News to me: family events were recorded in the personal columns
techFamily events used to be marked in the personal columns. But now Facebook has usurped that
ebookHow to enjoy the perfect short break in 20 great cities
Independent Travel Videos
Independent Travel Videos
Simon Calder in Amsterdam
Independent Travel Videos
Simon Calder in Giverny
Independent Travel Videos
Simon Calder in St John's
Independent Travel Videos
Travel Shop
the manor
Up to 70% off luxury travel
on city breaks Find out more
Up to 70% off luxury travel
on chic beach resorts Find out more
sardina foodie
Up to 70% off luxury travel
on country retreats Find out more
Latest stories from i100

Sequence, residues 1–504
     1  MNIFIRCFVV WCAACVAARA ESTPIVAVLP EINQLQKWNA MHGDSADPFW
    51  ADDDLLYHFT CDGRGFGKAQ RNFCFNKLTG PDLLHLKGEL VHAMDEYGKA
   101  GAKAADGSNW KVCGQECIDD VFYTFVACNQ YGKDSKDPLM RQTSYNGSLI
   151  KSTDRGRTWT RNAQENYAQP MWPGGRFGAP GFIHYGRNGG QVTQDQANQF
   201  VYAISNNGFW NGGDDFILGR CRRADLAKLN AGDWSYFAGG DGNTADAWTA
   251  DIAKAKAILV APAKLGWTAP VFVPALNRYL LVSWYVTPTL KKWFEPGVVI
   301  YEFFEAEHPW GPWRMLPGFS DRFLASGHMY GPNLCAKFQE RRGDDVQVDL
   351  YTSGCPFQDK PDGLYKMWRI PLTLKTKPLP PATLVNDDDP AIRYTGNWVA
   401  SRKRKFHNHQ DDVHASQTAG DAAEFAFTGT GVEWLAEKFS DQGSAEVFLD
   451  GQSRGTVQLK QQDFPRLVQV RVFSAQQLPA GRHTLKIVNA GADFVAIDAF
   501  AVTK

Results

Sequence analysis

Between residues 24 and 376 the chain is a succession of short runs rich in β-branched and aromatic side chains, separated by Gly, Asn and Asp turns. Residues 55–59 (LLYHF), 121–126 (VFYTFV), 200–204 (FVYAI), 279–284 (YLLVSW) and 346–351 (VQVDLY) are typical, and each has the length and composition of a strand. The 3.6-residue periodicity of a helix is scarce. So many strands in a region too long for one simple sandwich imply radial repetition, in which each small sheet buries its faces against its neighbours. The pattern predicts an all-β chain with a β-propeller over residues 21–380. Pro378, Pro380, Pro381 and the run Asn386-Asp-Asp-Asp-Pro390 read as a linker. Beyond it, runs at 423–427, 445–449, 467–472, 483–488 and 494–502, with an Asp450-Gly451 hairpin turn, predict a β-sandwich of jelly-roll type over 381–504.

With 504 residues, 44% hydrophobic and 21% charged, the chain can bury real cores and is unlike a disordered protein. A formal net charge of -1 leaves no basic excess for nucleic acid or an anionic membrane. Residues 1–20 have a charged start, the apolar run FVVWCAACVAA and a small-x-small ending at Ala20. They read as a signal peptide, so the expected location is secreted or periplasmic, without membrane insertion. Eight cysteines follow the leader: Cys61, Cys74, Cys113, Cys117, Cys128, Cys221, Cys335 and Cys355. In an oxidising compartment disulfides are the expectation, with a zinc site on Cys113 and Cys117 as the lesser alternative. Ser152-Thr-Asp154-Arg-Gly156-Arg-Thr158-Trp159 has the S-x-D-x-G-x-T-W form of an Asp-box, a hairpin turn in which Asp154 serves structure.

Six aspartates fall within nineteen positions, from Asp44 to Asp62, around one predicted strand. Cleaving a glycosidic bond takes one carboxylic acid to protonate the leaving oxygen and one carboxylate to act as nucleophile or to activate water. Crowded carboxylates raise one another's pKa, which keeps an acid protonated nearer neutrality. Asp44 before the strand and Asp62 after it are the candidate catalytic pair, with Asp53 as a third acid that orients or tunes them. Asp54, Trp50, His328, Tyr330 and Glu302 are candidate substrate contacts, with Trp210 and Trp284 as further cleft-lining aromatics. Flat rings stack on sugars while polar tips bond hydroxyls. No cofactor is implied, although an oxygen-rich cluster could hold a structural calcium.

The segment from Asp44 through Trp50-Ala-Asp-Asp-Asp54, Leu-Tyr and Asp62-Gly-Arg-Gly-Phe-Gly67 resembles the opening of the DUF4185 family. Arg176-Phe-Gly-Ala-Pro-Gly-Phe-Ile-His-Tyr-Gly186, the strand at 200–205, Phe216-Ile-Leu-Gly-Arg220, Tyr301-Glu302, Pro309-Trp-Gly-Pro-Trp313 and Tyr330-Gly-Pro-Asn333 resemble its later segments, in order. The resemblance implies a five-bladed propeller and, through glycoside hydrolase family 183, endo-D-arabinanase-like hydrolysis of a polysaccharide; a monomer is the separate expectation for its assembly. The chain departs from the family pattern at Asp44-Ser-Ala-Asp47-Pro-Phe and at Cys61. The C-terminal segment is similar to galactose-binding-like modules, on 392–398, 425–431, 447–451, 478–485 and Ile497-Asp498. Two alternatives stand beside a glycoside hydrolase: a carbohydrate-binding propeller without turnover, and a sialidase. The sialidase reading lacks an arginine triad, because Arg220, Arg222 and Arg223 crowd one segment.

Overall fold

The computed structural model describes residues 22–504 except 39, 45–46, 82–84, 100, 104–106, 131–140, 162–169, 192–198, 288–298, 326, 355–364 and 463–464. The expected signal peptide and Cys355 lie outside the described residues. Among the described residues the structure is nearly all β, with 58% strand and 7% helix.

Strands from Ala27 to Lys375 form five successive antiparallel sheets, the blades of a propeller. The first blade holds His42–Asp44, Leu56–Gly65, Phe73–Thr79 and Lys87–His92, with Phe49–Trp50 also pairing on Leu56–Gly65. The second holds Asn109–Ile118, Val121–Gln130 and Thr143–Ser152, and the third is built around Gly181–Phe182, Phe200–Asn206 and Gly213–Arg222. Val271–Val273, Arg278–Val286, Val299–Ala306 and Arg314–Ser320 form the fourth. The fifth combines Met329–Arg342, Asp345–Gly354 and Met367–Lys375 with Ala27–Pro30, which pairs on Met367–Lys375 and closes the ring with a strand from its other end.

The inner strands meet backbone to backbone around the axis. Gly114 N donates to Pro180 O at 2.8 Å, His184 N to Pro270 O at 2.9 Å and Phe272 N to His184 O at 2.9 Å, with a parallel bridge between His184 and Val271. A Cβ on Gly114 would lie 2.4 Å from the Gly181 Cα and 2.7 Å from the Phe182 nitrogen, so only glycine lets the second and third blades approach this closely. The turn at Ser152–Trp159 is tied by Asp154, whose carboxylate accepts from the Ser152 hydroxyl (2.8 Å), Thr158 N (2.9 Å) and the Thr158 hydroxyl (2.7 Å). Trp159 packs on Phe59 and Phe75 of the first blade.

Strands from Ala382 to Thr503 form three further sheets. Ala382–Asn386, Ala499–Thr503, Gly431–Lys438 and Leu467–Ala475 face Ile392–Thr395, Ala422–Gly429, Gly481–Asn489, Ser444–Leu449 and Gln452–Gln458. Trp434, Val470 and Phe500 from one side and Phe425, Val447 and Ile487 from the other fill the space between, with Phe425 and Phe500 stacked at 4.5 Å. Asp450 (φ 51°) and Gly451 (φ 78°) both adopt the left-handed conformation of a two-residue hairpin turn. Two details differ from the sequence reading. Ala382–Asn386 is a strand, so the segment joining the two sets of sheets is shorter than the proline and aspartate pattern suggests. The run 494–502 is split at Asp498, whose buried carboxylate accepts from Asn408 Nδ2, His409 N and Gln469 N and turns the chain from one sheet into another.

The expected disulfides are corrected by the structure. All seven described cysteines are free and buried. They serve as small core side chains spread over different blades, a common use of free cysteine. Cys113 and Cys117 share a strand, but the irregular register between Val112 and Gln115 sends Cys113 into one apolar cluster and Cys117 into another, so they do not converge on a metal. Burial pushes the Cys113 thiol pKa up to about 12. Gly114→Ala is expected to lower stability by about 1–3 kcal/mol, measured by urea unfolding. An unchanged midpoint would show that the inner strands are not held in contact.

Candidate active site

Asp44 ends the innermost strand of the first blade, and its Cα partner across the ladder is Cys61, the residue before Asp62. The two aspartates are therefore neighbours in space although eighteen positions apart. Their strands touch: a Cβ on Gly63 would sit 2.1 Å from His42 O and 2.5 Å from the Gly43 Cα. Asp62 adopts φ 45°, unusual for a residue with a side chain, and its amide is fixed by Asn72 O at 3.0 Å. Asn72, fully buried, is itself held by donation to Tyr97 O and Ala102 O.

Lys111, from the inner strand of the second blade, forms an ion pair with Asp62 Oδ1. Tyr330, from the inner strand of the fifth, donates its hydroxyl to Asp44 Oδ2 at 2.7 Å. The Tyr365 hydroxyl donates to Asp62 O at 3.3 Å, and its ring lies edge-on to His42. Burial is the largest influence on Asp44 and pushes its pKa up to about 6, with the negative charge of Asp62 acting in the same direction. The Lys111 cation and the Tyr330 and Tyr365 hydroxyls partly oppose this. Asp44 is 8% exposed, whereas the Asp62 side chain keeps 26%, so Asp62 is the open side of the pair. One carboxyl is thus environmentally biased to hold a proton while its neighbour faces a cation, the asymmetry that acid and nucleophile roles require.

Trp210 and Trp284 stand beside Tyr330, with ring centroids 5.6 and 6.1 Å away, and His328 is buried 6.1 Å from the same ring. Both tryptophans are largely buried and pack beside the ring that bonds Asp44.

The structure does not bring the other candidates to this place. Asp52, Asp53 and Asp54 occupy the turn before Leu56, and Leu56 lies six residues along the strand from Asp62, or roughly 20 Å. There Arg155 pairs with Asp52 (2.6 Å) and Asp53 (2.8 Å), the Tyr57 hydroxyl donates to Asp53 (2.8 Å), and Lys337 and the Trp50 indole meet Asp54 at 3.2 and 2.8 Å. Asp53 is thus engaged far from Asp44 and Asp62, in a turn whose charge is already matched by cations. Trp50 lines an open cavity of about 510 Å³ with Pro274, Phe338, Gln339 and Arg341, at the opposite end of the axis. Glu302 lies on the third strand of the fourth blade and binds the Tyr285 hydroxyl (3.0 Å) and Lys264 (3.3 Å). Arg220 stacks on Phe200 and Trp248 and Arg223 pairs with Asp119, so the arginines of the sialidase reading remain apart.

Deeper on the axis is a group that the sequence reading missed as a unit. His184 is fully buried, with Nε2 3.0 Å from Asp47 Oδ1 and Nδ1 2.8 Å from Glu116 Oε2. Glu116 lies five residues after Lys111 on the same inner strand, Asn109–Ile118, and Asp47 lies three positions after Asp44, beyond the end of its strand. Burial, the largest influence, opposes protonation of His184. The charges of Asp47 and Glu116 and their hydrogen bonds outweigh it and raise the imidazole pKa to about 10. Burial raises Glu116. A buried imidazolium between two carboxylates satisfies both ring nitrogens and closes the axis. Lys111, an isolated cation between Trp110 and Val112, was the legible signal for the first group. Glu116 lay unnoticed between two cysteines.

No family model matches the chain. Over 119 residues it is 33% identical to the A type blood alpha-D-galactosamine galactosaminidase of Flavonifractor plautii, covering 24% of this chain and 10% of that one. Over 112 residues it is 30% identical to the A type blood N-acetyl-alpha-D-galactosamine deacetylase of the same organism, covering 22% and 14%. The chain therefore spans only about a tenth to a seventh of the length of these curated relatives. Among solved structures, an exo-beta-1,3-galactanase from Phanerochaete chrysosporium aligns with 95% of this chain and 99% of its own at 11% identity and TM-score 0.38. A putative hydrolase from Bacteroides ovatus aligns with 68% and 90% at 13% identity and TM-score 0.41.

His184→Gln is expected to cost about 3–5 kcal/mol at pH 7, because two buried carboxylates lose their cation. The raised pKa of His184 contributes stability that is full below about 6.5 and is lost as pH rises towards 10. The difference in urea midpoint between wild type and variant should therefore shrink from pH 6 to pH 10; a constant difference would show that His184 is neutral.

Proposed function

Have you tried new the Independent Digital Edition apps?
Independent Dating

By clicking 'Search' you
are agreeing to our
Terms of Use.

ES Rentals

    iJobs Job Widget
    iJobs Travel

    VB.NET and C# developer (VB.NET,C#,ASP.NET)

    £30000 - £45000 per annum + Bonus+Benefits+Package: Harrington Starr: VB.NET a...

    Visitor Experience volunteer

    Unpaid voluntary role: Old Royal Naval College: To assist the Visitor Experien...

    Telesales Manager. Paddington, London

    £45-£55k OTE £75k : Charter Selection: Major London International Fashion and ...

    Recruitment Consultant (Trainee), Finchley Central, London

    £17K OTE £30K: Charter Selection: Highly successful and innovative specialist...

    Day In a Page

    Noel Fielding's 'Luxury Comedy': A land of the outright bizarre

    Noel Fielding's 'Luxury Comedy'

    A land of the outright bizarre